The Office of Mercy follows 24 year-old Natasha Wiley, a resident of a future utopian society. Living in an enclosed, mostly underground city, Natasha lives in America Five on the east coast of the once-United States. She and her other civilians strive for an ethically pure society, where everyone has employment, enough to eat, free will, and the ability to simulate outdoor activities in the Pretends. Natasha works in the Office of Mercy, where she track and ends the misery of the few Outside surviving humans known as the Tribes. When her mentor Jeffery puts her on a team that goes Outside, she begins to question her ethical thinking and everything her society has taught her.
It is easy to look at The Office of Mercy as another in the string of dystopian novels (Hunger Games, Matched, Delirium, etc.), but it is much more than that. While Viking Penguin are labeling it as YA, it really belongs in the emerging New Adult category, and it would be a great entry for it. It is not too adult that it would not appeal to the same demographic, but the themes are richer and so well thought out. I would put it on par with 1984 in theme, voice, and overall narrative power.
The Office of Mercy opens with a scene of a tribe on a beach, all hope lost. The women and children are starving, believing that their men lost on a hunting trip in-land. With aching bellies and cries from the children, they are overjoyed when the men return with four deer. They build up the fire and roast one of the deer, dancing and reveling in their good fortune. What follows next is perhaps one of the most chilling thing I have read in fiction. From the attention-grabbing opening through to the end, I found the book incredibly hard to put down. And when I wasn’t reading, I was thinking about the book.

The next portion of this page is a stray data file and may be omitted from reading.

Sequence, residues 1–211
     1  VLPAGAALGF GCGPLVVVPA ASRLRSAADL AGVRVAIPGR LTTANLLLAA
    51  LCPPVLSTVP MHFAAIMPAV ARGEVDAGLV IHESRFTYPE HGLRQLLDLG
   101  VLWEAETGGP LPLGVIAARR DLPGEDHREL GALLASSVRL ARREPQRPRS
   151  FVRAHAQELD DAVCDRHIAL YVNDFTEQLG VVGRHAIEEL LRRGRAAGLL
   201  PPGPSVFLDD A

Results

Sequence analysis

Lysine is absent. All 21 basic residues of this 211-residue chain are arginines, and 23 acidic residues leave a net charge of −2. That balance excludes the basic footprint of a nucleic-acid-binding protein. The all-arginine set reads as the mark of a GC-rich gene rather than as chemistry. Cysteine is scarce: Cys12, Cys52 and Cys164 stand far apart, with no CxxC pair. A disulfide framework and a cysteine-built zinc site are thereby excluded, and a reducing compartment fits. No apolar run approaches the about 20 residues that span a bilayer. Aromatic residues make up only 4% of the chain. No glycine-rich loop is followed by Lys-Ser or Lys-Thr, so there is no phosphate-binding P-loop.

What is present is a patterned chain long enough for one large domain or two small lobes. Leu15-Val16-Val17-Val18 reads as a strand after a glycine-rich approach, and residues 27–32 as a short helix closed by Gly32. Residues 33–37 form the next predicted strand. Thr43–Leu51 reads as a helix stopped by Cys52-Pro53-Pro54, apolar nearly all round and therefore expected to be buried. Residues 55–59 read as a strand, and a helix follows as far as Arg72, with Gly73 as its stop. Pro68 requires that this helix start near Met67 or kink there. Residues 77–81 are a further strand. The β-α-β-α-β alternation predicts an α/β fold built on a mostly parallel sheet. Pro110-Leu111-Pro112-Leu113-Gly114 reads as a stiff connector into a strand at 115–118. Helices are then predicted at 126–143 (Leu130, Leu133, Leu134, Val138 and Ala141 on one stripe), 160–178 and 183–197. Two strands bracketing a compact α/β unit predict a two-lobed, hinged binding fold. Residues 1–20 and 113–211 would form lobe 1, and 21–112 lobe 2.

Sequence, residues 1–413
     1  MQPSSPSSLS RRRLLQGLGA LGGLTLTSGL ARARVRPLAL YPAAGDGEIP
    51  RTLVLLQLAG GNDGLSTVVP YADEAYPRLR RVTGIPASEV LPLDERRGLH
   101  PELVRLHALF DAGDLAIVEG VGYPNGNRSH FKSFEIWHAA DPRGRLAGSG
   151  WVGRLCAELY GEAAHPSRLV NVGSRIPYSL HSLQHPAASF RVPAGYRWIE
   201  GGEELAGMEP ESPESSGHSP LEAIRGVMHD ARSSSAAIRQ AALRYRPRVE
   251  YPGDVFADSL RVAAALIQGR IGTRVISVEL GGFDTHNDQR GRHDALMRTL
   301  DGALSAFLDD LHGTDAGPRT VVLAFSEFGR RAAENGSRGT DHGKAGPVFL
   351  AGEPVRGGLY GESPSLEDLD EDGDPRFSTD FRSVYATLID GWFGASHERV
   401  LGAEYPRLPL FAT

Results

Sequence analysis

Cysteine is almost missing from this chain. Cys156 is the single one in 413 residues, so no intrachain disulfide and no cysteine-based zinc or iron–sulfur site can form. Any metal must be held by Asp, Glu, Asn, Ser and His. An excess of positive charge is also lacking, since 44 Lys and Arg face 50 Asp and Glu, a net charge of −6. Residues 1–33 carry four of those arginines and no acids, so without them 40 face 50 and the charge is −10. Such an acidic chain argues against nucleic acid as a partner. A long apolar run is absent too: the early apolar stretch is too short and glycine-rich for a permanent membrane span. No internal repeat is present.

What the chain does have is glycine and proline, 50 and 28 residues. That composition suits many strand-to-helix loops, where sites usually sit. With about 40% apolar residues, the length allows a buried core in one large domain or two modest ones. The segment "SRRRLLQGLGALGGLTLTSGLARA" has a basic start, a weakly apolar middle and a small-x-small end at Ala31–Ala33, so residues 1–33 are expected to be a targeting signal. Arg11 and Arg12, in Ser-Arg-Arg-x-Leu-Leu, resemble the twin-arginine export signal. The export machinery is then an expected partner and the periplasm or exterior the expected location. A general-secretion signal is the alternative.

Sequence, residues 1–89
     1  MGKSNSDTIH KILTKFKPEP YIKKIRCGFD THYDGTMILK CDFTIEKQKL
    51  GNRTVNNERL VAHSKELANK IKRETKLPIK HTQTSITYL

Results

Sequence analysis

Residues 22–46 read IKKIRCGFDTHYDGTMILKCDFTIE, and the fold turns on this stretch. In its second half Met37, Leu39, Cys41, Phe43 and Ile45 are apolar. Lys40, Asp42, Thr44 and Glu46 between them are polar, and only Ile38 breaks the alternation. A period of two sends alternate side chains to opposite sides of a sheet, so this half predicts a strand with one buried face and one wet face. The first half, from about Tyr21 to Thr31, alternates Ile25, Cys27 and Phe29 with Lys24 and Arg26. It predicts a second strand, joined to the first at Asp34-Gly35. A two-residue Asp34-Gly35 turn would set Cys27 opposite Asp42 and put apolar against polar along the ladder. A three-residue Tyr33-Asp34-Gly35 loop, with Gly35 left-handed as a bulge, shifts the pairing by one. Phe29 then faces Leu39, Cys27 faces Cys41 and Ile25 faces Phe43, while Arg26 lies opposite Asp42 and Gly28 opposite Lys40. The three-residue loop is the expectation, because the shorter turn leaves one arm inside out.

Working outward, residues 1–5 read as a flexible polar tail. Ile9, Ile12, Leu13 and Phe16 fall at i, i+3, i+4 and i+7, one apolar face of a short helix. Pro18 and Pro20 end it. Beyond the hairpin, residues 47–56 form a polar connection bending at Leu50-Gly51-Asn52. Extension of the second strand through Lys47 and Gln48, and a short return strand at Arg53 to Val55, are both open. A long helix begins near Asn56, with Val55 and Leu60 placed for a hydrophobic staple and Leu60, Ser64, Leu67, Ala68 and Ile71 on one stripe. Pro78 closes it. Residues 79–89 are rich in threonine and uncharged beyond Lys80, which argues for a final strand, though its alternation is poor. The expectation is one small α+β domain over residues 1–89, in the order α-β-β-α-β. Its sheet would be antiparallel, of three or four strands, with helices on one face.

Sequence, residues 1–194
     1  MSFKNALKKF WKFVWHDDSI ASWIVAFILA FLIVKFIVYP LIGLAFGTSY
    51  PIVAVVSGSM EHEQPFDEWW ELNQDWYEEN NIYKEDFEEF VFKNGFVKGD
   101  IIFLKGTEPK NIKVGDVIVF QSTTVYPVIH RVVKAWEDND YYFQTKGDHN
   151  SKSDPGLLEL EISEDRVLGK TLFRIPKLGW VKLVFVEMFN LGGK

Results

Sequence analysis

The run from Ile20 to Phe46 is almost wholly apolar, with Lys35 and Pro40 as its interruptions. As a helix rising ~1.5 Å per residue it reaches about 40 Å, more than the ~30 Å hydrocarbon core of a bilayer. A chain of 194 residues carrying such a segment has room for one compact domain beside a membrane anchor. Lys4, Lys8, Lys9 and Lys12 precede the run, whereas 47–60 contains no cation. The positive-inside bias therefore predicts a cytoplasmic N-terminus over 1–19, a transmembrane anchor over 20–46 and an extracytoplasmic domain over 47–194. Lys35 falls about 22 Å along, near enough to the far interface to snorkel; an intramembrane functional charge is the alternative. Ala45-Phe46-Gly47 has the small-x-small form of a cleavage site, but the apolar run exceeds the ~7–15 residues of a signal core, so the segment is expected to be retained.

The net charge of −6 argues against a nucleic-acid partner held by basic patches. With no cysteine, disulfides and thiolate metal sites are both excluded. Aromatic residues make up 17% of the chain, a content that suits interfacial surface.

The ethics of America Five balance precariously on the murdering of humans outside, with the idea that they are being killed to prevent their prolonged, inevitable suffering. When you read the synopsis, you would think it is so easy to argue against it. And yet, Djanikian is amazing at crafting the thinking behind the ethics. She is thorough, keeping everything tied up neatly and easily. Only when Natasha starts to question do you see how well Djanikian and her narrative structure have almost convinced you as the reader that, in their circumstances, America Five is doing what’s best. Natasha’s slow awakening in this world remind me a bit of Matched, though the key event that kick-starts it makes it far less subtle.
One portion that did strike me was the descriptions of Natasha’s first time Outside. Even though she wears a biosuit and helmet, the mention of the too-bright colors, the sun burning, and the overt smell of dirt were incredible passages. In our societies, no one has not been outside, so for Djanikian to nail what would be apt descriptions of the changes was incredible. I also loved her rich characters, her descriptions of the tribe’s fire and food, and what really makes human humans. Natasha had been taught that the tribes Outside had an existence akin to animals, but her experiences allow her to question and see how similar many humans really are to each other. The book also stresses the point of achievable peace, and the methods you would go for to gain that peace. Djanikian’s thinking is well-rounded, so well mapped out that when you finally put down The Office of Mercy, you will find yourself reflecting on her words for days (I still am, obviously).
I have not read a book so emotionally engrossing for a long time. With a fast-paced plot, Mercy reads fast and remains enjoyable, even with its far deeper meanings. I cannot recommend you check it out for yourself.
Purchase The Office of Mercy on February 21. Actually, just go pre-order it now. <—- Click on that link and do it.